Molecular Vision 2020; 26:530-539
Received 25 November 2019 | Accepted 27 July 2020 | Published 29 July 2020
1Department of Biochemistry and Molecular Biology, Faculty of Optics and Optometry, Complutense University of Madrid, Madrid, Spain; 2Department of Biochemistry and Molecular Biology, Faculty of Veterinary, Complutense University of Madrid, Madrid, Spain; 3Department of Optometry and Vision, Faculty of Optics and Optometry, Complutense University of Madrid, Madrid, Spain
Correspondence to: Alejandro Martínez Águila, Dpto de Bioquímica y Biología Molecular, Facultad de Óptica y Optometría, Universidad Complutense de Madrid, Madrid, Spain. Phone: +0034 913946884; FAX: +0034 913946885; email: email@example.com
Purpose: The objective of this study was to evaluate the changes in the melatoninergic receptors of DBA/2J and C57BL/6J mice with the development of glaucoma. DBA/2J mice are widely used to study the physiopathology of glaucoma due to the similarities of their eyes to human eyes and the resulting similarity in the development of their pathology. In addition, melatoninergic receptors are known for their control of intraocular pressure (IOP), reducing the production of aqueous humor; however, little is known about their relationship with the development of this pathology.
Methods: mRNA expression of MT1, MT2, and GPR50 melatoninergic receptors was performed with quantitative real-time PCR. In addition, receptor expression was performed with immunohistochemical techniques on the ciliary processes. To further investigate the effect of melatonin and its analog 5-methoxycarbonylamino-N-acetyltryptamine (5-MCA-NAT) on IOP, animals were instilled with these compounds and the corresponding melatoninergic antagonists to assess their effect on IOP.
Results: All melatoninergic receptor expression decayed with the development of the glaucomatous pathology in the DBA/2J mice, and was especially visible for the MT2 receptor. However, receptor expression was consistent in the C57BL/6J control mice across all ages investigated. Furthermore, IOP blockage was stronger with 4PPDOT (MT2 antagonist) only in the DBA/2J mice which suggests a correlation of this receptor with the development of the glaucomatous pathology in DBA/2J animals.
Conclusions: Melatonin receptor expression decays with the development of the glaucomatous pathology. This implies that the physiologic hypotensive effect of endogenous melatonin reducing IOP is not possible. A solution for such changes in receptor expression is the exogenous application of melatonin or any of its analogs that permit the activation of the remaining melatonin receptors.
Elevated intraocular pressure (IOP) is one of the main factors contributing to glaucoma pathology. Elevation of IOP is mainly due to resistance in aqueous humor outflow in the trabecular meshwork and the uveoscleral pathway , after being produced in the ciliary body . Most models displaying ocular hypertension and glaucoma require physical, chemical, or surgical animal modifications to transform the models from normotensive into hypertensive [3,4]. Nonetheless, for several years, a mouse strain classified as DBA/2J has been used as the model for glaucoma because this model develops the pathology spontaneously. These animals present several mutations in the genes Tyrp1 and Gpnmb, which encode for tyrosinase-related and glycosylated transmembrane proteins, respectively. Consequently, these mice present iris pigment dispersion, iris transillumination as well as iris atrophy, and anterior synechia . The pigment dispersion likely is responsible for the blockade of aqueous outflow, which generates ocular hypertension at 9 months of age. This rise in IOP is accompanied by the canonical symptoms of glaucoma-related disease, including the death of retinal ganglion cells (RGCs), optic nerve atrophy and cupping, and visual deficits . Altogether, these symptoms lead to progressive optic neuropathy characterized by functional and structural impairment of ocular tissues that may result in vision loss .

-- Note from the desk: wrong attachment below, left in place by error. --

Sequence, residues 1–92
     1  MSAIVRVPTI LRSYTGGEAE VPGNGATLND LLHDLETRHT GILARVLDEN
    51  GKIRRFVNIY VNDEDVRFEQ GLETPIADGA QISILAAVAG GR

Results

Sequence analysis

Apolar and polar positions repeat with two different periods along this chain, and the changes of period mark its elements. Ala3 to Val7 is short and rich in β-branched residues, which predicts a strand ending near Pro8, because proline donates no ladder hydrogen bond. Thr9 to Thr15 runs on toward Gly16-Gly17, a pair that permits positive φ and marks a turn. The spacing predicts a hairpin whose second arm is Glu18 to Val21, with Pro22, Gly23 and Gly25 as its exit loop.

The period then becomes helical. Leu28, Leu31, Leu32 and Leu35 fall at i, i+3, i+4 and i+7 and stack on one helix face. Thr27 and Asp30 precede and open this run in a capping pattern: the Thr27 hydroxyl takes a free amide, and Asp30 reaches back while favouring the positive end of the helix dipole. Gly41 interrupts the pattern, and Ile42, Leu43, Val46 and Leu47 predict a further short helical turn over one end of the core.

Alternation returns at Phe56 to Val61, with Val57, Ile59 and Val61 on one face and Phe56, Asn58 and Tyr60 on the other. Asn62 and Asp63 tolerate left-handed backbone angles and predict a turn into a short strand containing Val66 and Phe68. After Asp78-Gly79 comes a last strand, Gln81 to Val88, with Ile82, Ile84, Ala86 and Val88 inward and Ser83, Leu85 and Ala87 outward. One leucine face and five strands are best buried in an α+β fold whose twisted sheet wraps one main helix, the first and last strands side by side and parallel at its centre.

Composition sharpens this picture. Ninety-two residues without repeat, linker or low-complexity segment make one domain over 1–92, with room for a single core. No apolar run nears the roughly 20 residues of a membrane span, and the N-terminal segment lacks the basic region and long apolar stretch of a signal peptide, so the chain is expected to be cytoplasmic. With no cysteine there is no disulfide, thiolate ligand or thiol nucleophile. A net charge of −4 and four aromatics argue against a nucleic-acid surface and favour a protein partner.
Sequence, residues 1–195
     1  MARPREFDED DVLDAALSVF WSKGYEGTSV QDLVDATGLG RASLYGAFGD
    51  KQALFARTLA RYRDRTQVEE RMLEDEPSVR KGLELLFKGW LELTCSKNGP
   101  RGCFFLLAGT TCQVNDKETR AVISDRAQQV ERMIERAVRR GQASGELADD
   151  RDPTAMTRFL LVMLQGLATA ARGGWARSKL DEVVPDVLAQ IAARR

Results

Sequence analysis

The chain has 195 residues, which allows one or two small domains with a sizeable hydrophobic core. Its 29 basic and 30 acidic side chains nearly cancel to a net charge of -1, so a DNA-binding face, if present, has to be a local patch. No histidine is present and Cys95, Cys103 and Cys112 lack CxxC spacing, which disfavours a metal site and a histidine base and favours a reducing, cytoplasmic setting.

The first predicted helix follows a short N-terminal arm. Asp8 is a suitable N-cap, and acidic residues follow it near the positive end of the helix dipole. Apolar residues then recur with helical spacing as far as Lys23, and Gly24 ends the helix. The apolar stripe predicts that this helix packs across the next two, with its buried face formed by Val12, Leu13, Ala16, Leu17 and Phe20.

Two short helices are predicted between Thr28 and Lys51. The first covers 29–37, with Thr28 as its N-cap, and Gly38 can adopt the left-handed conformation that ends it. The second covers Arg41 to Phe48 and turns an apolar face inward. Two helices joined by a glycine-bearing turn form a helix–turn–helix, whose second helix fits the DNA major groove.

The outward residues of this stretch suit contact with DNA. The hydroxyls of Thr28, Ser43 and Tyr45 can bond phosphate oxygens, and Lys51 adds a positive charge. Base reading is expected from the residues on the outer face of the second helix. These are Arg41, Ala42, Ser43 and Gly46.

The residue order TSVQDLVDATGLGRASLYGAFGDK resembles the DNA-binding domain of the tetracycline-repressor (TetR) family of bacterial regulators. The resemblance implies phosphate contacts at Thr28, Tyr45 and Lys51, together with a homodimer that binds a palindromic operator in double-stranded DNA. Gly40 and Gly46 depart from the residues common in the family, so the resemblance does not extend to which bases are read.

Many new compounds, apart from those already commercially available, have appeared attempting to provide effective treatments to stop ocular hypertension and glaucoma progression . One of the emerging compounds is melatonin and its analogs, which clearly present ocular hypotensive effects, as well as interesting neuroprotective actions [9,10]. Melatonin is present naturally in the aqueous humor and may regulate IOP physiologically . Melatonin and some of its analogs, such as 5-methoxycarbonylamino-N-acetyltryptamine (5-MCA-NAT), when topically applied, can produce a marked reduction in IOP [12-14,15]. The action of melatoninergic agents is mediated by membrane proteins termed MT1 and MT2 and the putative MT3 receptors . In addition, the GPR50 protein has been identified as a possible melatonin receptor due to its homology with MT1 and MT2 receptors , although this protein has not yet been proved to be activated by melatonin. The presence of such receptors is widespread in the eye, and in particular, MT1 and MT2, are present in the ciliary body, the tissue where aqueous humor is produced .
Experiments preformed in normotensive rabbits have demonstrated that melatonin and 5-MCA-NAT can reduce the chloride and water outflow the from ciliary body epithelial cells, this being the reason for the observed decrease in IOP when those melatoninergic agents are applied . We also found that melatonin analogs could reduce IOP in the DBA/2J mouse glaucoma model. This is particularly interesting because the hypotensive effect is especially relevant when the animal has fully developed the pathology, which occurs from 9 months of age. Moreover, when treatment with the analog 5-MCA-NAT is performed chronically, the typical rise in IOP observed from 9 months of age does not progress, and IOP remains consistent .
Little is known about why IOP rises when the glaucomatous pathology is established. It could be that among other factors, the endogenous melatonin present in the aqueous humor was unable to produce the physiologic control of IOP due to a change in the presence of melatonin receptors. To investigate this possibility, in the present study we measured changes in the expression of melatonin receptors according to time intervals in control (C57BL/6J) and DBA/2J mice, observing a decrease in melatonin receptors in the glaucomatous mice but not in the control mice.